It all started in January 2005 when I attended an AMA “Hot Topic” program on blogging taught by Toby Bloomberg and Dana VanDen Heuvel. With their encouragement, I started this blog on Feb. 12, 2005; here are a few excerpts from my first post, “Warm & Fuzzy Marketing? Get Real!”
Since this is my first post on the new Quality Service Marketing blog, I wanted to tell you about my concept of internal marketing. It’s a philosophy and corporate culture … based on the premise that the way your employees feel is the way your customers will feel.
What’s amazing to me is the reaction I get from some executives when I talk about internal marketing. You can see their eyes glaze over as they say to themselves, “Here it comes, the old ‘warm & fuzzy’ stuff.” On the contrary, it’s not ‘warm & fuzzy’ but crystal clear in that customer relations mirrors employee relations. Here’s the bottom line: if your employees don’t feel valued, neither will your customers!
Unfortunately, too many organizations claim employees as their number one asset, but don’t walk the talk. In this day and age where employees are expected to create a positive experience for customers and deliver on the brand promise, managers can no longer afford to pay lip service to employees. Employees can tell the difference and so can customers!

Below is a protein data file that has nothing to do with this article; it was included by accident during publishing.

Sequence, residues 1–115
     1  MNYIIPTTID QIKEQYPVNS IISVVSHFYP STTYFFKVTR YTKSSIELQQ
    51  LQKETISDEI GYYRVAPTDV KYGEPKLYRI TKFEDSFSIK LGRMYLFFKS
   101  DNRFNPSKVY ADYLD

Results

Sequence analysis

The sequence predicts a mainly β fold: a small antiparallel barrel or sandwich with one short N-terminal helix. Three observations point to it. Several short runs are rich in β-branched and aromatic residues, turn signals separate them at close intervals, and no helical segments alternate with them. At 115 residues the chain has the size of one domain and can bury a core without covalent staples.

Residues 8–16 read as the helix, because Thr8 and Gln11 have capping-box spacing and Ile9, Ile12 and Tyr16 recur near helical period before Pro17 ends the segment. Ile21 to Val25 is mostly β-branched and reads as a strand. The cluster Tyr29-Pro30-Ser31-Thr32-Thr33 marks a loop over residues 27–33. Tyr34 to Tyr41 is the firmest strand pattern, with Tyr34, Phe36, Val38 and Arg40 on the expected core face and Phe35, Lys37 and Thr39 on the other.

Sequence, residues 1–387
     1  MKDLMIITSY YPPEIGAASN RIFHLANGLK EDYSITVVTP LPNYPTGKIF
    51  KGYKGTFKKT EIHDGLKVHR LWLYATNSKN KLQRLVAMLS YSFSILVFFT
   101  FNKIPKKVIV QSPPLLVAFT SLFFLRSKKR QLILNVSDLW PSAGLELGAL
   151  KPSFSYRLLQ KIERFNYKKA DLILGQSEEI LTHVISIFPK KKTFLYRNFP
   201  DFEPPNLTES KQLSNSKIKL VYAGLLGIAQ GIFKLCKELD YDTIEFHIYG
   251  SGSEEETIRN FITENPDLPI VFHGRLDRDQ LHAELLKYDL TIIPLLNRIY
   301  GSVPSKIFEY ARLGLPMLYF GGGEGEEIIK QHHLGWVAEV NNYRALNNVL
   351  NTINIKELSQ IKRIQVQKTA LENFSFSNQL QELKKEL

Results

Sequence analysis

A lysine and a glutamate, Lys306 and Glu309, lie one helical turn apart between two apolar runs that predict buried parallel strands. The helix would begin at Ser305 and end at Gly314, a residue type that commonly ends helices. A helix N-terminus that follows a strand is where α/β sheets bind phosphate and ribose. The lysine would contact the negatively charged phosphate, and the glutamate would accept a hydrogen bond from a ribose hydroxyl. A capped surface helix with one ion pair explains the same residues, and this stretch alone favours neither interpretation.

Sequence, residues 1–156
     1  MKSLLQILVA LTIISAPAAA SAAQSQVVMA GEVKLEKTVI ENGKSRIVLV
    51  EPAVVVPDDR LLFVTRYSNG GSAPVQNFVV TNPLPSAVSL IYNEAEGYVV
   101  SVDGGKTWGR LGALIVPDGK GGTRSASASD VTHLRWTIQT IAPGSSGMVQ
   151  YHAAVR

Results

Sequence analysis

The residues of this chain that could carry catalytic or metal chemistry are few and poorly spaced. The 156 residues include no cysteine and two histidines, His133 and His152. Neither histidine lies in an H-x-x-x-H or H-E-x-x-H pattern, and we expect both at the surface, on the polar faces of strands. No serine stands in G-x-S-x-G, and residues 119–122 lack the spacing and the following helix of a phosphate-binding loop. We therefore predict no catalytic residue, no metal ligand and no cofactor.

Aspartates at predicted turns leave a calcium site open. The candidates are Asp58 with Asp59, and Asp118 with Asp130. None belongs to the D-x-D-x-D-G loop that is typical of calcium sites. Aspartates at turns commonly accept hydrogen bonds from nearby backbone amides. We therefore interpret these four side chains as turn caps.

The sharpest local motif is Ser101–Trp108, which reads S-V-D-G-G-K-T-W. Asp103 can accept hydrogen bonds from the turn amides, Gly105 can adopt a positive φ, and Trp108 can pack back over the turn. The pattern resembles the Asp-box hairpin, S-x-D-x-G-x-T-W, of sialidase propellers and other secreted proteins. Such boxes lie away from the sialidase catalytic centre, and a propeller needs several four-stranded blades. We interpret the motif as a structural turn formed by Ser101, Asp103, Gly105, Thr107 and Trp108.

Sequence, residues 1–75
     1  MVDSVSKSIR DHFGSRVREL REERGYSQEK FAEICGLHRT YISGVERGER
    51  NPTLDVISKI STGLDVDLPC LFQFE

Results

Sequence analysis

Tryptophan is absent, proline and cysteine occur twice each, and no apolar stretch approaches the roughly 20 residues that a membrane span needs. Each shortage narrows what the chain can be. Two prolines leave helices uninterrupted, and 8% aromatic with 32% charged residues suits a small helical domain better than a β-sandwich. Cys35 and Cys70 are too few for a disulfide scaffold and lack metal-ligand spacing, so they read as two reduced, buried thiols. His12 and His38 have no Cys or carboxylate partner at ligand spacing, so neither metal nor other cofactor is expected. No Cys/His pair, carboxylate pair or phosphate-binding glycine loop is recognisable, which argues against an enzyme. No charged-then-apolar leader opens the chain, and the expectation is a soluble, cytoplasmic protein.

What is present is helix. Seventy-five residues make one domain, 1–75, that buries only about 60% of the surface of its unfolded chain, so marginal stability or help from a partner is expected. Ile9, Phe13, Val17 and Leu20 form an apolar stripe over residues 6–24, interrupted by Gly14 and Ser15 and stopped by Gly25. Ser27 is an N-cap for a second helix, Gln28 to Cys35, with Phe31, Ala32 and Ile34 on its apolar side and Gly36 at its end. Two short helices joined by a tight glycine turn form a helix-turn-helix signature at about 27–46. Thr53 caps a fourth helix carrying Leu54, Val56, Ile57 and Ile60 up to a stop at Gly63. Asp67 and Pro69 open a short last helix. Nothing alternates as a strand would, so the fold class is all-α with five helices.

Ten years, 500+ posts, two books and an e-book later, I’m still writing about internal marketing and all things related to creating a engaged workplace dedicated to employee and customer care. I’m delighted that my words have stood the test of time and this blog continues to be relevant.
Back in 1999, blogging was about “personal publishing.” As Biz Stone wrote in Blogging: Genius Strategies for Instant Web Content (2002):
“Think of all the great writers and artists … struggling to be heard. Beyond that, there are talented people who would write more if they had a forum. There are also people who are experts in certain areas, and all that potentially valuable content stays trapped within them because they don’t have an outlet. They don’t have access to the [traditional publishing] ‘machine.’
Actually, they do. Blogging is the easiest way to bring yourself to the Web and make your voice heard. I began blogging simply because it was so easy … If my words had evaporated into a void, that would have been the end of it.
But they didn’t. They were ingested, perused, and linked to. Commented on, emailed about, and repeated. All this was very exciting … I had an audience. Out of the woodwork came opinions, editorials, and thoughts on things I hadn’t realized I even had thoughts about.
Today’s Web has become fertile soil for personal publishing. Not only is it easy to get your voice out, but your voice is heard, acknowledged, and in many cases, responded to by interested, intelligent readers who have found your work most likely because they sought it out and are happy to have found it.”
That’s why I keep blogging, despite that fact that I find writing to be a painful process. As a platform, it’s enabled me to expand my reach to help others interested in creating an engaged workplace. Equally important, my blog has connected me with many other thought leaders, writers, and blog readers around the world who are a tremendous resource of encouragement and continued learning. While we communicate primarily through social media, I’ve had the pleasure of meeting some of these people face-to-face. I value each and every relationship that has come about through my blog, and I salute all of you in helping me reach this blogging milestone.
[Image courtesy of birthday-clip-art.com.]